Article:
One of the things I’m struck with every time I return to the US is the prevalence of the expansive lawn. I don’t know if that’s all of the US, or just Pennsylvania, but there’s a lot more acreage in lawn here than there is back in New Zealand.
I appreciate a good lawn—for picnics and games, nothing beats it. But I also believe in making good use of land, and I believe there is such a thing as too much lawn—especially in Pennsylvania where much of the lawn covers land that was once highly productive farmland.
How much energy and effort are put into the maintenance of vast expanses of grass that no one so much as steps foot on except to mow? What if those expanses were used instead to grow vegetables or were restored to native habitats? How much space in our suburban environments could we use more productively by eliminating the lawn? How much expenditure of fossil fuels and fertilisers could we avoid? How many native plants and animals could we benefit?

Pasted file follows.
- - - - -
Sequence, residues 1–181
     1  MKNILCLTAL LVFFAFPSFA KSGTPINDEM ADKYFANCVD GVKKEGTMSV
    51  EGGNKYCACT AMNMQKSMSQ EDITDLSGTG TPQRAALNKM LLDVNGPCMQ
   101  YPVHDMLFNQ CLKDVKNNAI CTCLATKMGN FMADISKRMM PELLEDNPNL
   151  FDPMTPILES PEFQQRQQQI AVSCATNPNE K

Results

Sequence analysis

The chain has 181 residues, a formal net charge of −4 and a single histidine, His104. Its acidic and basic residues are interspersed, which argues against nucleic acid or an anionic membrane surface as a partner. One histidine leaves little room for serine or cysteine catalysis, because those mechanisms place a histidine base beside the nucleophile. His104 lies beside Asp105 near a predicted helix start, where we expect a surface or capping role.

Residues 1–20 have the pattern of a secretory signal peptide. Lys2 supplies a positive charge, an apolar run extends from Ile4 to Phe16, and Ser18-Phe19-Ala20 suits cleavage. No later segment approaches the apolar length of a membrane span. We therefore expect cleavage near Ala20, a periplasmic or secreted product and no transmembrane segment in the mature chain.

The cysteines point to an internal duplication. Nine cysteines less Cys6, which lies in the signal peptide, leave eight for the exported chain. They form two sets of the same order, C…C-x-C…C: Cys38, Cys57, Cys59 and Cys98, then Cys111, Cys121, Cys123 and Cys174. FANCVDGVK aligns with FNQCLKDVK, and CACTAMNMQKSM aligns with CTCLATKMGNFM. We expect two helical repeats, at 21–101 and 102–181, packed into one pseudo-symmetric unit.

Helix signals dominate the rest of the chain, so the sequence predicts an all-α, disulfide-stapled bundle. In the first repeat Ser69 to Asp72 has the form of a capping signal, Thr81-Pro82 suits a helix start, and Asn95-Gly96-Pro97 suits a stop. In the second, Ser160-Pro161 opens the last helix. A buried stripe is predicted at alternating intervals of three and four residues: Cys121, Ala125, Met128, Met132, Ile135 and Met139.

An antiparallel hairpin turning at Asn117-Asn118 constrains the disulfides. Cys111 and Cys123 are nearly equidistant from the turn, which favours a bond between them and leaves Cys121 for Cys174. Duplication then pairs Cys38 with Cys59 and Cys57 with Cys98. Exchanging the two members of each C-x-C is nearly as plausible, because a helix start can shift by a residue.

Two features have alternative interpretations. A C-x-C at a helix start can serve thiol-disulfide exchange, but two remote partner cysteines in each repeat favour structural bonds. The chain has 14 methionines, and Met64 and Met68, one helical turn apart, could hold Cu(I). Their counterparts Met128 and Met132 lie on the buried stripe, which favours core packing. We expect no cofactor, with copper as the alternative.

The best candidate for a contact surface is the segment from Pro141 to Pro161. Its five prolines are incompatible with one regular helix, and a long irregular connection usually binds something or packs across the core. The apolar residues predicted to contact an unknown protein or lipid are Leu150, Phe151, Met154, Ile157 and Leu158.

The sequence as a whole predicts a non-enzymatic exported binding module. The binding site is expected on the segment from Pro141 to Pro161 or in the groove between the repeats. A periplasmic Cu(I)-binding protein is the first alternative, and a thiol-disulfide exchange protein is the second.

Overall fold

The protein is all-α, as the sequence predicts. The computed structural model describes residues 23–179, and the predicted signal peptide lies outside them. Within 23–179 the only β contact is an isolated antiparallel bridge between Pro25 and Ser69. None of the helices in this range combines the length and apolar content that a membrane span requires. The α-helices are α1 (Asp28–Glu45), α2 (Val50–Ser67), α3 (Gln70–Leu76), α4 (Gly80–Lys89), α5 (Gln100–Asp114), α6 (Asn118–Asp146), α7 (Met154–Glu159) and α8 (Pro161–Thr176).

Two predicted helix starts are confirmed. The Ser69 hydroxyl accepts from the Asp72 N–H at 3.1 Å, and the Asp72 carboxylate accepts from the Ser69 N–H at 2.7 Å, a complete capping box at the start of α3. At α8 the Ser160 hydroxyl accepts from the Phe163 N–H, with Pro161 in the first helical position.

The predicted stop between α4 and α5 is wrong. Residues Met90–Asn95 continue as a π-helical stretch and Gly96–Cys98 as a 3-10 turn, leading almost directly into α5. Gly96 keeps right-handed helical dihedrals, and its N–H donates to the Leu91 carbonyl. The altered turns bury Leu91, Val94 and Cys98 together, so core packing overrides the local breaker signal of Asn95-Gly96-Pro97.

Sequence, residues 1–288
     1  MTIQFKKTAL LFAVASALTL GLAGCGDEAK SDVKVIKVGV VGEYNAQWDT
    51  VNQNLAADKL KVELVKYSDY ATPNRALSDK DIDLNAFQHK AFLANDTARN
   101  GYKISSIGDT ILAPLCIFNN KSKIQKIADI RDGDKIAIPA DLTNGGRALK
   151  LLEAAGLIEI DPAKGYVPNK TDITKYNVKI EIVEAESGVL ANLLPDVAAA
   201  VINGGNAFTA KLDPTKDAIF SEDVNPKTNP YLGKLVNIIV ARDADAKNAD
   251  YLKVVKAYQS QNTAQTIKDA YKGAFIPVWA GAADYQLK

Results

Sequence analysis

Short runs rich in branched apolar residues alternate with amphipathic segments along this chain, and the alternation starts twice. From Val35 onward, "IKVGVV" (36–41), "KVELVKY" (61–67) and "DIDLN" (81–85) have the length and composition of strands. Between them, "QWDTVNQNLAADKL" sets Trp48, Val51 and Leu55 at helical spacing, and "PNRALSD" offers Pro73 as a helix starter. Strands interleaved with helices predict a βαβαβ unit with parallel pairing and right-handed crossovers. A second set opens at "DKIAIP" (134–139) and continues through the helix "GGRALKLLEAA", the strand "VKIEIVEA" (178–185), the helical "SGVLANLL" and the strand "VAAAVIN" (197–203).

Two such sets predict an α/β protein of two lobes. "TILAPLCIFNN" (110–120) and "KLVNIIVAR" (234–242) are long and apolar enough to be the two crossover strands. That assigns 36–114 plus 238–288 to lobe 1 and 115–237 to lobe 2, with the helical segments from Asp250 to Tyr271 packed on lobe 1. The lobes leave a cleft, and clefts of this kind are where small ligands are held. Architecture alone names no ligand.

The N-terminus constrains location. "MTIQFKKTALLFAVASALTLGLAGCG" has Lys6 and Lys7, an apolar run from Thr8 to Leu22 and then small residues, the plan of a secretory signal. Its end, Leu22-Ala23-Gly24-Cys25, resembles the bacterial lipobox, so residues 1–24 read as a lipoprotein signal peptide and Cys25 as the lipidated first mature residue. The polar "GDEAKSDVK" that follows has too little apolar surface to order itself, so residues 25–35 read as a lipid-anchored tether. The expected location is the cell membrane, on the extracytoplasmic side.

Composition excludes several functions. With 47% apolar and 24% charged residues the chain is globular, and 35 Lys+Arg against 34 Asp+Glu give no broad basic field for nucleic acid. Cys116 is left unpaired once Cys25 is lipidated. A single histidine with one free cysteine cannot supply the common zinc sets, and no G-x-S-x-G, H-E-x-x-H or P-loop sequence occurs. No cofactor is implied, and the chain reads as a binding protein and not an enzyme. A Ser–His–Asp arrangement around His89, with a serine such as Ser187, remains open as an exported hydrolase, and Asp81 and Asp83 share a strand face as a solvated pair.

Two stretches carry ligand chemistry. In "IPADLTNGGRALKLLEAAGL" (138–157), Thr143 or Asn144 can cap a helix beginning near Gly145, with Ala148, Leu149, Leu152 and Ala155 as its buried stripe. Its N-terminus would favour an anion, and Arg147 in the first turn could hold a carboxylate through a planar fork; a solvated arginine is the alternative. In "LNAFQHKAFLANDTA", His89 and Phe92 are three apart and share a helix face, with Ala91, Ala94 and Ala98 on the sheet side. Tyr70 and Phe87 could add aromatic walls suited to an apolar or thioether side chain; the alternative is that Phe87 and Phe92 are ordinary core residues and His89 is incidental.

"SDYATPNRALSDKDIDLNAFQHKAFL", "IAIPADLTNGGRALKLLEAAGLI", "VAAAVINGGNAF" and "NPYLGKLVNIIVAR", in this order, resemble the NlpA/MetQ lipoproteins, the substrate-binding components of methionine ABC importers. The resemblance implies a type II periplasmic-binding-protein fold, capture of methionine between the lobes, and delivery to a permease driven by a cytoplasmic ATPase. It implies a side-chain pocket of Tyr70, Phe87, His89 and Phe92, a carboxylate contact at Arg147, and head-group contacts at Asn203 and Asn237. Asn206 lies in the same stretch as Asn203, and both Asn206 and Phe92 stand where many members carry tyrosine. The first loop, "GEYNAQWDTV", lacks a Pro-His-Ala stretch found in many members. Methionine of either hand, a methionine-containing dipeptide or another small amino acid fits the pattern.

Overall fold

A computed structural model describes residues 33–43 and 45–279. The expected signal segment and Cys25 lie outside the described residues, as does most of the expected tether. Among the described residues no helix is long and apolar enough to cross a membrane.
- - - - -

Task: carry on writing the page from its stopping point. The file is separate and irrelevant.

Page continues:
I don’t have answers to these questions, but my gut feeling is that in a world with an ever-increasing population, wasting space growing unappreciated Kentucky bluegrass is not sustainable.
At Crazy Corner Farm, we try to make the best use of the entire property, and much of it is devoted to food production or native plantings. We also have a sizeable lawn, but that grassy area is heavily used by the kids for all manner of play. Once the kids are gone, the grass will almost certainly give way to something more productive. We are forever looking to make more efficient use of the space we have. I think in future, we are all going to have to do the same.